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Eligibility for pension can be a twisting road

WHEN it comes to assessing eligibility for benefits, Centrelink does not just take what a person earns for income tax purposes. In some cases certain types of taxable income are ignored and Centrelink instead calculates the amount of income it will assess.

WHEN it comes to assessing eligibility for benefits, Centrelink does not just take what a person earns for income tax purposes. In some cases certain types of taxable income are ignored and Centrelink instead calculates the amount of income it will assess.

Q What income figure should be given to Centrelink? As I have invested in shares and an investment property is it the total income earned in the year or the amount shown on my tax return with deductions?

A Under the deeming rules the actual amount of income earned from financial assets is ignored by Centrelink and a deemed income is used to assess eligibility for benefits. Shares in listed companies are regarded as financial assets so you do not need to advise Centrelink of the actual dividends you earn.

Where a rental property makes a taxable profit this will be counted as income. If a rental property makes a loss this is ignored and cannot be used to reduce the overall income earned.

Q I am a 54-year-old woman earning $40,000 a year and have $50,000 in super. I own a home and have $20,000 in the bank and own a car. How much can I have in super and still be eligible for the age pension? I know I will have to work until I'm 57 before I can get the pension.

A As you are 54 now it would appear that you were born after January 1, 1957. This means you will not be eligible for the age pension until you turn 67. The asset limits at which the full age pension is received are $186,750 for a single person and $265,000 for couples. Assuming a value for your car of $10,000, and combining this with $20,000 in the bank, as a single person you could have up to $156,750 in superannuation and receive the full pension. For every $1,000 in excess of the limit, the pension received reduces by $1.50 a fortnight. Entitlement to the age pension for a single person ceases when assets reach $673,000.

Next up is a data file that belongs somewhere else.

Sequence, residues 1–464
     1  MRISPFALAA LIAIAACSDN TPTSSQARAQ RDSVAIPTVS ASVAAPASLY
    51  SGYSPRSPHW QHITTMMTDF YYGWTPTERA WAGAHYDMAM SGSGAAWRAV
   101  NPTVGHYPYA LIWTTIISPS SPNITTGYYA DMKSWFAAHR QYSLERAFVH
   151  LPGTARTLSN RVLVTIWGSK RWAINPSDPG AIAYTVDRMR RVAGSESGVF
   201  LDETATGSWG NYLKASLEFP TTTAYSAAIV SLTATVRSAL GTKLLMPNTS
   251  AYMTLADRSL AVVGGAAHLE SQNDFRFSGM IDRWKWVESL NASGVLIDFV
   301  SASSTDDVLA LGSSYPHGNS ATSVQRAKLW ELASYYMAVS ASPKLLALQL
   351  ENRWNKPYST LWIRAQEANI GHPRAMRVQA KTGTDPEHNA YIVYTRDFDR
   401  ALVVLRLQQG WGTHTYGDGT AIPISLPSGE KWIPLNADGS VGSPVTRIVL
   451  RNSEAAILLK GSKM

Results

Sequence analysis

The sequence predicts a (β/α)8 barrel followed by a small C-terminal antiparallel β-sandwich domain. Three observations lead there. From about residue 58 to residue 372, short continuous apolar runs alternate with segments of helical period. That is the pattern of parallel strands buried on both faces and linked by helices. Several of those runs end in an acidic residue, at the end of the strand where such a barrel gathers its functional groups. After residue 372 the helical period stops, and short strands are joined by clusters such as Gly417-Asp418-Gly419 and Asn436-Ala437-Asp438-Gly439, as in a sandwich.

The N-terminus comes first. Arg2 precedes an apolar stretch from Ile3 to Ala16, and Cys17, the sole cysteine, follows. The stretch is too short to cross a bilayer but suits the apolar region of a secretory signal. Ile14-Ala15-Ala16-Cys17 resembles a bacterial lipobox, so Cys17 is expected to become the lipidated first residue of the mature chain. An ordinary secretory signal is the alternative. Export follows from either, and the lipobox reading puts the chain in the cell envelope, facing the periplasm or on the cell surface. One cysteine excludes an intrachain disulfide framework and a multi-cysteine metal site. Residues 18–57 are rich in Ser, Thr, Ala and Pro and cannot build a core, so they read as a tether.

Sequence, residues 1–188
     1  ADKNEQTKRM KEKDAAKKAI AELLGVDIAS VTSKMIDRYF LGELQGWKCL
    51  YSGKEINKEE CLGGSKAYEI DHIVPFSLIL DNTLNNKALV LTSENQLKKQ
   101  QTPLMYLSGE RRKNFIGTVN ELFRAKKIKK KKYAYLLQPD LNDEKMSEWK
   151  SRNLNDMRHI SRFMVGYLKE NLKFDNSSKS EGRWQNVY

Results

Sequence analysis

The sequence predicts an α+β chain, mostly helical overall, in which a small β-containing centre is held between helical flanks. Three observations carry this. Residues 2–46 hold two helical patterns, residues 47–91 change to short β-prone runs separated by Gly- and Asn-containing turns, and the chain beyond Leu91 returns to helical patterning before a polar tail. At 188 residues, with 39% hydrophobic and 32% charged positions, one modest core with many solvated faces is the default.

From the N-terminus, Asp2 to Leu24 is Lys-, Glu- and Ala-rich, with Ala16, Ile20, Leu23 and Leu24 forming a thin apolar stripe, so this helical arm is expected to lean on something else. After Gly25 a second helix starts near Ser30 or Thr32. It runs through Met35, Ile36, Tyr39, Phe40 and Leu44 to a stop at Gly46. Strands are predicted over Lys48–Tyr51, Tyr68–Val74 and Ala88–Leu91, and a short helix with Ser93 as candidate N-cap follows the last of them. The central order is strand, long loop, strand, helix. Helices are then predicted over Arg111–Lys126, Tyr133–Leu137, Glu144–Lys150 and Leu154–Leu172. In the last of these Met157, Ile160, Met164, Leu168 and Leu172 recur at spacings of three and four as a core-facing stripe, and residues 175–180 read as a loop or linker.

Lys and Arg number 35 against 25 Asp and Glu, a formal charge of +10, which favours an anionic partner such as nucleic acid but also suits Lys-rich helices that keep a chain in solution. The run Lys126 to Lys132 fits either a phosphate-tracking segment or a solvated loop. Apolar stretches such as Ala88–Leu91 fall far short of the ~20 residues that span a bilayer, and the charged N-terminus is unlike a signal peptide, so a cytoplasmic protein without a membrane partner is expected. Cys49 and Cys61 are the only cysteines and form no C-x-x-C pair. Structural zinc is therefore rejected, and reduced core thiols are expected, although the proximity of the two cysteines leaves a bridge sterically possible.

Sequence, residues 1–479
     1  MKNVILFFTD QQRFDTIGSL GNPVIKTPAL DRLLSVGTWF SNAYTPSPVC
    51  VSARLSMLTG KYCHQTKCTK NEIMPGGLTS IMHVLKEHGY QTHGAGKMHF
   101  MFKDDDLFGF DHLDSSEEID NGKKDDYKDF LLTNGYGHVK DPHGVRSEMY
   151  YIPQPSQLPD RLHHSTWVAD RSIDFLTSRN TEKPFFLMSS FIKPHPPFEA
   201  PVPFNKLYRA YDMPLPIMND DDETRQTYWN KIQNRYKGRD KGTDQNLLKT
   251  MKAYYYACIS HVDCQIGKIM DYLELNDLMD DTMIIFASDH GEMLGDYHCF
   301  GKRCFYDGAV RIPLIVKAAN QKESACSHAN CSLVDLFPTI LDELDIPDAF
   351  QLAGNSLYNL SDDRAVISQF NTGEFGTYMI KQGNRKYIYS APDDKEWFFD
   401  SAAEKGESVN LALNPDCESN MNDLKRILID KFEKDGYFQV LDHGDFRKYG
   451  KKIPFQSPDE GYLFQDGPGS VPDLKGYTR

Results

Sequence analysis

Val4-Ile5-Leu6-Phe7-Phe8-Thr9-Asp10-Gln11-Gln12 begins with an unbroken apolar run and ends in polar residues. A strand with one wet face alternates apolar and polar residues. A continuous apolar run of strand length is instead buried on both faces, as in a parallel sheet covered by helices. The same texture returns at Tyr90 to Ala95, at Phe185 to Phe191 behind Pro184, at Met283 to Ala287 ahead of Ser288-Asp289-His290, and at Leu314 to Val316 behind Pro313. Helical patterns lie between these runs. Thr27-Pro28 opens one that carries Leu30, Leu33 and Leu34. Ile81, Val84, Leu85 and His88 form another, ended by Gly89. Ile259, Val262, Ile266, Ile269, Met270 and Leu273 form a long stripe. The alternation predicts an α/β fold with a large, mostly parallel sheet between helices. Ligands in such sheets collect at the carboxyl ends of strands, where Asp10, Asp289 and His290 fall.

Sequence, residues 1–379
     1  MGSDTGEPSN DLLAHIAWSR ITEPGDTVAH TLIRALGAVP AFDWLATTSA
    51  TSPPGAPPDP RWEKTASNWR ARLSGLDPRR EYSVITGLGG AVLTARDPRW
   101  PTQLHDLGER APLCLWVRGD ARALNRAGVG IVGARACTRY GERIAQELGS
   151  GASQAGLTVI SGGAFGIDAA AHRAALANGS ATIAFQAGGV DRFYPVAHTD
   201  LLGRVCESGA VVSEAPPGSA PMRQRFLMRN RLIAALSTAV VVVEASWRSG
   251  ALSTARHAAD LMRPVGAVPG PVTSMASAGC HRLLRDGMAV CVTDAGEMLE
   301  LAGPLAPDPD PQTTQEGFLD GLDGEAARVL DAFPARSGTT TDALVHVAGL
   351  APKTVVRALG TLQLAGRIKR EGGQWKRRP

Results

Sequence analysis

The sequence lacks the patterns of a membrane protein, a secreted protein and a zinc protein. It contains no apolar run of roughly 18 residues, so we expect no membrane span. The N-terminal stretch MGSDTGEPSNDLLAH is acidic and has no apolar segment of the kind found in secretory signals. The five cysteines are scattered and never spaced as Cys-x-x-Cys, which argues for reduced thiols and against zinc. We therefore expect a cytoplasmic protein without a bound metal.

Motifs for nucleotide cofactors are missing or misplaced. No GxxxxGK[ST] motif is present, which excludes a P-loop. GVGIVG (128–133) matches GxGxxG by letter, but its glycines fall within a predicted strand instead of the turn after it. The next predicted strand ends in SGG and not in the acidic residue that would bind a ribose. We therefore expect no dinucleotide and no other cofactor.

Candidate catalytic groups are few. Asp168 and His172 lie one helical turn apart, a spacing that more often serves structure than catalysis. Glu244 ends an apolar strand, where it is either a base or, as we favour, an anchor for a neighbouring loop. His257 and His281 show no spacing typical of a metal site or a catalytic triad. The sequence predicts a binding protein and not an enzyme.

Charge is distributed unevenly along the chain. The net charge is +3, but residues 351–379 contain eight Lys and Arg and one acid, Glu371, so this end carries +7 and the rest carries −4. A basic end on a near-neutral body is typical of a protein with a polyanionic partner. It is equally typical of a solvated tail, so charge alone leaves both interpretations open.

Q We are non-home owners with $50,000 in assets being a car and contents.

I am 66 and my wife turns 65 soon. I am a bit confused about Centrelink's assets and income test.

In addition to my super balance of $140,000, I have a transition-to-retirement pension worth $330,000 and my wife has super of $64,000.

When I retire, if I put all of what I have into super can I withdraw any amount tax free?

Other than the deeming rate, would the amount I withdraw be counted as income?

A The rules relating to pensions received from super funds are different for income tax purposes and Centrelink pension assessment.

Once a person turns 60 a superannuation pension paid by taxable super funds is tax free.

Once a person is eligible to receive the age pension, and if they are not receiving a pension from their superannuation fund, the deeming rules are applied to the value of their superannuation to assess how much they will receive.

Questions can be emailed to super@taxbiz.com.au


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